So once I got to the core of that and really said, “OK, everything is going to be about this guy who is built to overcome fear.” There’s a line in Rebirth where Hal Jordan says “when I was ten years old, I saw my father’s plane crash,” and it resonated with me because my sister died in a plane crash. But when he sees his father die in a plane crash, it’s the worst. What happens when your greatest fear happens, what happens then? Well, then you can handle anything; you can cope. It’s part of life too that you learn how to cope and how to overcome your fears as you learn how to deal with life. On this superhero level, he learned how to overcome fear because he was forced to; he didn’t want to, but he was forced to. So then he became this pilot who was reckless and does it to overcompensate, to show everyone he is not afraid because he is still going to fly, he wants to fly. And, with Rebirth being all about this guy who came into fear and then breaks out of it was really inspiring to me. It’s the book that I’m most proud of maybe. That was a turning point for me.

WILSON: Would you say then that focusing so closely on fear, were you making a concerted effort to contextualize what was going on in the larger society at the time as people look back on the last 10 years and there’s anxiety and fear in American culture because of what has been transpiring domestically and abroad? Would you say that it affected you, that here’s fear as a viable thematic concept?

JOHNS: Absolutely. I mean look at American society in the 1940s. There was World War II but then in the 1950s everything got really nice and kind of everyone sees the 1950s as a quaint, suburban soda shop society because everybody experienced that fear in the 40s. But then you had a whole generation growing up in the 1950s who didn’t experience the fear in the 40s and they rebelled in the 60s, so it’s almost a cycle. Sure. Rebirth came out in 2004 and I’d begun working on it in 2002 and that was at the height of anthrax being sent around to news reporters and it was crazy. So, I’m sure, absolutely, that it was influential. I think also that you have a generation now that’s grown up with that anxiety, but soon we’ll get to a generation and it’ll be interesting to see what they gravitate towards or what the next decade or two is like when you have that generation that grew up not remembering 9/11. What’s that going to be like?

WILSON: That’s a good point.

JOHNS: Yeah, what are they going to rebel against, because they didn’t have that fear and anxiety that threw society upside down?

WILSON: With Rebirth being as you said a “turning point,” were there experiments then that didn’t pan out or turn out as you’d expected for better or worse?

JOHNS: Oh, absolutely. Some of it was due to having to work with a lot of other people, so you had to make some concessions. It happens when you work in a shared publishing universe. But I always have to take the responsibility for everything. Certainly there are projects for everybody that are a miss or something that didn’t turn out as well as you’d hoped. I think on every one of those, there’s one in particular that I’ve gone back, and the ending for me just didn’t work. It worked on some levels, but not on a lot of levels, so I went back and I asked why. “How could I make that choice, how could I make a different choice, how could I make my ending stronger, how can I make better superhero comics?” I think they are a lot of fun, but they are still a challenge to do. There are so many that have been done and they have to be about more than being just Batman #605. What’s the story really about? So, absolutely there’s stuff that’s happened and still happens, but you go back through and you want to learn from it. You have to look at it as a positive. It’s just like you’ve got to overcome your fears, you cannot be afraid to tackle the next project.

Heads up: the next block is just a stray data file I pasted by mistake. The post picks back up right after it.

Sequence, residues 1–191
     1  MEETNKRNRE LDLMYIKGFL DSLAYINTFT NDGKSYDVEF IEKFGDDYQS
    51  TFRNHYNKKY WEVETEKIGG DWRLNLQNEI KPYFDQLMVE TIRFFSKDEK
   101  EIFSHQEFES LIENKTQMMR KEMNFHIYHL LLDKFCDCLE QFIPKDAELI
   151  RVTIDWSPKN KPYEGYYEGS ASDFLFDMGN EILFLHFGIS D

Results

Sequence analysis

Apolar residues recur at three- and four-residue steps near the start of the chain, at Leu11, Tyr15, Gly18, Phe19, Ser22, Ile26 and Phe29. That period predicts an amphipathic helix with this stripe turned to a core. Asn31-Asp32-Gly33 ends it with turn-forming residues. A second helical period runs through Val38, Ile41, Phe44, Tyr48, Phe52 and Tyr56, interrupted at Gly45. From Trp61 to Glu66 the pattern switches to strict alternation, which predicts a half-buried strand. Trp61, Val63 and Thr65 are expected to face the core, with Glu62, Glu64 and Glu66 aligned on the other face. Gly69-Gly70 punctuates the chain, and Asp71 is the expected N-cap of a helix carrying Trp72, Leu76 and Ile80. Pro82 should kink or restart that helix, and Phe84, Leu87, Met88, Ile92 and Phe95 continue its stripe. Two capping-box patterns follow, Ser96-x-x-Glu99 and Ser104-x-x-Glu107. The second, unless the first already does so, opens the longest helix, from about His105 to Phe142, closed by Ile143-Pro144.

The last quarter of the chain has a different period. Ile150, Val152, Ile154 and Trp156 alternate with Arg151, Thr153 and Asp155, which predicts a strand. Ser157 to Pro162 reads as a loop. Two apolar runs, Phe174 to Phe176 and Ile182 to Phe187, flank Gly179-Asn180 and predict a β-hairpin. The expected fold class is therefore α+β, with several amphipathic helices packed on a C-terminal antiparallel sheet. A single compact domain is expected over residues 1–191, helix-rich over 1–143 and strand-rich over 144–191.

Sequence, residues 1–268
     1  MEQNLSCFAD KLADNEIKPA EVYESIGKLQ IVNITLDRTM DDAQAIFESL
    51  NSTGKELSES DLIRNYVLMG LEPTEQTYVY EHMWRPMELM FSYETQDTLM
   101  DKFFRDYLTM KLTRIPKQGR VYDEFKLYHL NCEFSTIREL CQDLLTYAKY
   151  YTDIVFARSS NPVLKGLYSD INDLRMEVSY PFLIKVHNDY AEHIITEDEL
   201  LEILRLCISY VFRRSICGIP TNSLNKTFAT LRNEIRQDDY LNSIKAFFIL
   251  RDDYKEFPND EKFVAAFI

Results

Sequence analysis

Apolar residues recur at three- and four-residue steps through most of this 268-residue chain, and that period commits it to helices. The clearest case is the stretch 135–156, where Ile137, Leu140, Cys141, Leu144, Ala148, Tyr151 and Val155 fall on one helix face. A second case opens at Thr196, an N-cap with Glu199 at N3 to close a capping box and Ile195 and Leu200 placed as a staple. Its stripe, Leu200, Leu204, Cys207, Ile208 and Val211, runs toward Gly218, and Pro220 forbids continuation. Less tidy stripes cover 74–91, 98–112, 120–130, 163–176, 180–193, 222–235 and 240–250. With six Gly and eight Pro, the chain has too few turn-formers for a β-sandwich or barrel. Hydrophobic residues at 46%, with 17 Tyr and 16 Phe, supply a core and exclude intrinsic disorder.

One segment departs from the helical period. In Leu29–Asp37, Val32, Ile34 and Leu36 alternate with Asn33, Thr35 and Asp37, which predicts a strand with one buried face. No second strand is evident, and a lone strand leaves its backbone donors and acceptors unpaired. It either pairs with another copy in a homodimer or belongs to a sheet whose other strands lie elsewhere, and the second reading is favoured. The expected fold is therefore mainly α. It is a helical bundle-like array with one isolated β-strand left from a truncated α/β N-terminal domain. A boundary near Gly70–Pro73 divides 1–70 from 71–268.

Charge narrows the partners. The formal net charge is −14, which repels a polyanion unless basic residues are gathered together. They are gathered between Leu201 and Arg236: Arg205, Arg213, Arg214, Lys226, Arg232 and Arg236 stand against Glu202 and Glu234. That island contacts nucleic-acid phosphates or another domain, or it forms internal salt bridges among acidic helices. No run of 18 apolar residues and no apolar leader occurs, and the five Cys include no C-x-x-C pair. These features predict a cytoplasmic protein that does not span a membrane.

I remember when Mike McKone and I did Teen Titans, and people told Mike, who told me, that “we’re crazy for doing Teen Titans. It’ll never work” [laughs]. People told me the same thing, that “it will be a failure,” or asked, “Why, when they’ve tried to reboot three or four times?” My answer was because “I have a good idea, I’m excited about it, I think Mike and I are going to be a good team for it,” and I think the book did very well. I was really proud of the stuff Mike and I did. But same thing with The Flash, people asked me “Why do you want to do a run on Flash. Mark Waid just did a run.” I gave the same answer, that “I think I have some good ideas.” I don’t want to let fear stop me because you really can achieve it if you believe in it.

I wouldn’t want to sit there and list the books [laughs] that I’m not happy with, because I’m happy with most of them on some level. But there’s always stuff that you look at and it didn’t work and you want to see how to get better. You have to. If you don’t do that, you’re not growing or evolving. You’ve got to be honest with yourself and, even if they’re a piece of it, you can’t blame an artist, an editor, your landlord. You can’t blame anybody but yourself when a book doesn’t work. And if a book doesn’t work you’ve got to look at it, put it on your own shoulders, and say, “This is my fault, but why didn’t it work?”

WILSON: I received a similar answer from Grant Morrison who used the phrase “I liked them all, even the ugly step-children.”

JOHNS: [Laughs.] Yeah, that’s exactly right! There is no comic that I’ve taken off my shelf that I’ve worked on. I like all of them. All of them represent something to me and all of them were a great challenge and a great joy to write.

Tomorrow: Johns talks about writing and discipline.

All images ©DC Comics

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3 Responses to “Nathan Wilson: An Interview with Geoff Johns Part One (of Two)”